Over 40,000 of Caring.com’s members care for a loved one with Alzheimer’s. To help them and you, Caring.com recently launched a customizable free resource that provides stage-relevant information, community support, and expert guidance.
Caring.com invited The Caregiver’s Voice to review their new Steps & Stages interactive program. I spent the past two weeks testing this new program; starting with creating a custom profile at: The Caregiver’s Voice Profile at Caring.com. This gives me access to the site and a way to connect with Caring.com members.
The Steps & Stages is a component of Caring.com’s site.
First, what is the Steps & Stages interactive program?
Caring.com describes it as “a customizable–and completely free–Alzheimer’s resource to help … Alzheimer’s caregivers registered at Caring.com.”
If your loved one is diagnosed with Alzheimer’s, enter what you observe and you’ll receive a free customizable resource a Custom Care Guide like this one: Sample Late Moderate Stage of Alzheimer’s
Steps & Stages provides the caregiver…
- an assessment tool to give insight into a loved one’s stage of dementia.
- practical tips in the Custom Care Guide on how to handle different symptoms.
- support from communities of caregivers (in Stage Groups) facing the same stage of Alzheimer’s.
- an email newsletter on what to expect, what to do, and how to cope each week.
While reviewing the site, what went through my mind was: I wished this was available when I began caring for my father in 1996.
I don’t know of any other site that offers such a comprehensive assessment and integrated resource.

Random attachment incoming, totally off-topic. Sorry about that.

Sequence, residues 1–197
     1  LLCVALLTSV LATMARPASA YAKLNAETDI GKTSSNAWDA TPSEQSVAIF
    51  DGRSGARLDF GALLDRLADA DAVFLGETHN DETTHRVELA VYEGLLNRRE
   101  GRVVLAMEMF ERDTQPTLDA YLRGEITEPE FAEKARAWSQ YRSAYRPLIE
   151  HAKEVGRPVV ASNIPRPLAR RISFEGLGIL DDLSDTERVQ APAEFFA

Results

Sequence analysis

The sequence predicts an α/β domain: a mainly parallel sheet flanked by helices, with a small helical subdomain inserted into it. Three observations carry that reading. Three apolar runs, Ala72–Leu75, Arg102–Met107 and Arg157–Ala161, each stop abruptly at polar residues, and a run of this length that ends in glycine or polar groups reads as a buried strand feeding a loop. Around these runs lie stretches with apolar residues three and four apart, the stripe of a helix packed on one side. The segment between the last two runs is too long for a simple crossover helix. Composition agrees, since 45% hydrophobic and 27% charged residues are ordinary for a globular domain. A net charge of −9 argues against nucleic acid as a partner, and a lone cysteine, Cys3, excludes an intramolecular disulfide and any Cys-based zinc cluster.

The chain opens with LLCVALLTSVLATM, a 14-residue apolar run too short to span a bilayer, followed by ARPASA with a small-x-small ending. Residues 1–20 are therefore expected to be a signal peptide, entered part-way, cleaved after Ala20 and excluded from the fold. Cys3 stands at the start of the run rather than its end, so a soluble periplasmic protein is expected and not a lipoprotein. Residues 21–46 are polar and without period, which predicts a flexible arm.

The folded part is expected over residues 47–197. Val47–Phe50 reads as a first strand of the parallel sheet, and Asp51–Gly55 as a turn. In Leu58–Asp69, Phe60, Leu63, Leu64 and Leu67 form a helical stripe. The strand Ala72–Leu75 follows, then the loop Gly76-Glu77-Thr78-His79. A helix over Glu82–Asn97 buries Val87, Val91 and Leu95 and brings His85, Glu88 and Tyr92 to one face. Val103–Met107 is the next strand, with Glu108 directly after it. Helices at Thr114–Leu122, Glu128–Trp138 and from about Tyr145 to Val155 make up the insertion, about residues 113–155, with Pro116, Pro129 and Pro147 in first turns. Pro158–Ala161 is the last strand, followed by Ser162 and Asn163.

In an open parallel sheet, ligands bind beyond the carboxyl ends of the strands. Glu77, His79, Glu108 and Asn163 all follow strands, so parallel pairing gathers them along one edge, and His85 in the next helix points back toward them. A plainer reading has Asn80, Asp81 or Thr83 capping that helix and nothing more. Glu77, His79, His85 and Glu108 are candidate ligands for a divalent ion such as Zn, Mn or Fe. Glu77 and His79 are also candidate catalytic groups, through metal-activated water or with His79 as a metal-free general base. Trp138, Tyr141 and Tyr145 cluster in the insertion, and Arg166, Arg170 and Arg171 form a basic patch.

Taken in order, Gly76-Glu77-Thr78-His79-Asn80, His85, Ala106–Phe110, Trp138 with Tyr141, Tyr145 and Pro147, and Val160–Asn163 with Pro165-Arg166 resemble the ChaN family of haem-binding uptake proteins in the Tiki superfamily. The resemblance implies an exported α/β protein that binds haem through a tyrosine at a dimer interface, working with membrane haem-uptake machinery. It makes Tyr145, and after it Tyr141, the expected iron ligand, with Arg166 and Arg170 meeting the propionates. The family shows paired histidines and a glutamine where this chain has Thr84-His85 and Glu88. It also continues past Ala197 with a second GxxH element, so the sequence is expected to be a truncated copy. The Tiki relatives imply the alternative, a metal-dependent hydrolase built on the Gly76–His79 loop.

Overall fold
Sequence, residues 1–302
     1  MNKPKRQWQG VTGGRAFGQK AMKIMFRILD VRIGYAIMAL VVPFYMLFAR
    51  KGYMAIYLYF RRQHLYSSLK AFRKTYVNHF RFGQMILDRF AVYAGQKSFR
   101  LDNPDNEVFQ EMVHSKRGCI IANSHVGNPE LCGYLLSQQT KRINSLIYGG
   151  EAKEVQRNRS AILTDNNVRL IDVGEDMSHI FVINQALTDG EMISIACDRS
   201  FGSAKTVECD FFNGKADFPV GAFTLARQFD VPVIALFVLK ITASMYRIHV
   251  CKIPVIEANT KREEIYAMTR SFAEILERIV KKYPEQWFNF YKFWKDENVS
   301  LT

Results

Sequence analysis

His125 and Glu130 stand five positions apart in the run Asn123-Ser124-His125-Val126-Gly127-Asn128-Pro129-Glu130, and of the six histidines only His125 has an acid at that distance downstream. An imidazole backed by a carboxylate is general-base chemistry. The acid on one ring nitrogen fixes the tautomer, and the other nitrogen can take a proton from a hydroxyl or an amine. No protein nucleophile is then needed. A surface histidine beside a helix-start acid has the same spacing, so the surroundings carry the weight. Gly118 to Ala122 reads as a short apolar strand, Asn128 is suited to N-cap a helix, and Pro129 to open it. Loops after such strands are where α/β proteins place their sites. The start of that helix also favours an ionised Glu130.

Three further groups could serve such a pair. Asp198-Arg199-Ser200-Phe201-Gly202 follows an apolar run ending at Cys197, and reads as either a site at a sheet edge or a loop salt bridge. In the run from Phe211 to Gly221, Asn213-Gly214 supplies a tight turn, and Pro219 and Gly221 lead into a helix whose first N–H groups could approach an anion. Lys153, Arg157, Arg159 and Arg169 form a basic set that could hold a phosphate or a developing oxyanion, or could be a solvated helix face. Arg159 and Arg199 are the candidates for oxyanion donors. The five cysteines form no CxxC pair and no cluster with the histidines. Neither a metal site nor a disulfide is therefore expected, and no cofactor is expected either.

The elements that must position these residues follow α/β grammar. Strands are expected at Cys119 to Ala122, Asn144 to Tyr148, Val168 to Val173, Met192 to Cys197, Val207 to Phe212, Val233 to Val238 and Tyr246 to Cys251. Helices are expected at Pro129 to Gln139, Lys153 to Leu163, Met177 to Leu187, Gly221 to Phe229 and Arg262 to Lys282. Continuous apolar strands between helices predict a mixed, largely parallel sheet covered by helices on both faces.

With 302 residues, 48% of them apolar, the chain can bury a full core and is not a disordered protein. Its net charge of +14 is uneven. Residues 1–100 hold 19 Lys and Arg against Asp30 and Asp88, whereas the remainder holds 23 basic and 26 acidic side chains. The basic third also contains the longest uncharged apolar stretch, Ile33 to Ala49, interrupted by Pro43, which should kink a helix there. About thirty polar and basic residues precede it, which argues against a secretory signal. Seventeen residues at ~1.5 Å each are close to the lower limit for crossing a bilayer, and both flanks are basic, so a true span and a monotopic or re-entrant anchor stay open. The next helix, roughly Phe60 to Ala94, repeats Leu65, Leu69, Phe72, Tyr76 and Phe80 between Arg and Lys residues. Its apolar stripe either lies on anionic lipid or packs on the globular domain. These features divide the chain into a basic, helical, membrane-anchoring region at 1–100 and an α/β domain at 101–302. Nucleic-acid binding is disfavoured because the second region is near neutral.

Developed over the past year by a team of experts, including a practicing geriatrician, a geriatric psychiatrist, and other Alzheimer’s specialists, Steps & Stages is filled with advice to support the caregiver who cares for someone with Alzheimer’s.
As Alzheimer’s disease progresses and behaviors continue to change, Steps & Stages allows the caregiver to update a loved one’s symptoms as often as necessary in order to receive relevant information.
How does Steps & Stages work?
Enter the site at Caring.com Steps & Stages and begin completing the information requested. Doing so will take you to another page where you can click on your loved one’s memory symptoms as you observe them now.
To fairly assess the site’s powerful functionality, I entered a composite loved one named Josephina using the simple two-step process. (Since my father passed away in 2001, I created a combination of symptoms reflected by loved ones of caregivers I personally know.)
Free newsletter subscription offer
At this point I was given the opportunity to subscribe to the free Caring Steps & Stages: Alzheimer’s Edition newsletter. I checked the box.
Further evaluation of loved one’s symptoms
The next page offered me an opportunity to further evaluate four areas of Josephina’s symptoms using an easy three-part scale (for example, rarely, sometimes, or often). From here, Caring.com is able to generate a Custom Care Guide that I will be able to update as Josephina’s behaviors change.
In order for the system to give you meaningful information, be sure to complete the assessment as honestly as possible. Also, use either your loved one’s first name or nickname–something you will easily recognize as the Customized Care Guide refers to the name you entered.
In case you’re like me and wary at first of entering private information online, you may need to go back to re-enter your loved one’s symptoms. Caring.com does not allow us to do this after setting up the care recipient’s initial profile. I have asked Caring.com to allow caregivers to go back and change the information initially entered. They are currently reviewing this as others have also suggested it.
Receive Custom Care Guide